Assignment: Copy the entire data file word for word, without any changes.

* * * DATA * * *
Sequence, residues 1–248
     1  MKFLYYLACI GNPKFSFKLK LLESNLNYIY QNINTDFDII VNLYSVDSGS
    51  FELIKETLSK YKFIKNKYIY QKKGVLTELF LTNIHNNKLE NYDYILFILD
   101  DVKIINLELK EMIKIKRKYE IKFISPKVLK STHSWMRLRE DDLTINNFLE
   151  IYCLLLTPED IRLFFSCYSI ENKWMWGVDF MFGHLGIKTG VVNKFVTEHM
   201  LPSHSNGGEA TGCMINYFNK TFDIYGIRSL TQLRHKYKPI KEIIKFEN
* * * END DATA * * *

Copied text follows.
Sequence, residues 1–248
     1  MKFLYYLACI GNPKFSFKLK LLESNLNYIY QNINTDFDII VNLYSVDSGS
    51  FELIKETLSK YKFIKNKYIY QKKGVLTELF LTNIHNNKLE NYDYILFILD
   101  DVKIINLELK EMIKIKRKYE IKFISPKVLK STHSWMRLRE DDLTINNFLE
   151  IYCLLLTPED IRLFFSCYSI ENKWMWGVDF MFGHLGIKTG VVNKFVTEHM
   201  LPSHSNGGEA TGCMINYFNK TFDIYGIRSL TQLRHKYKPI KEIIKFEN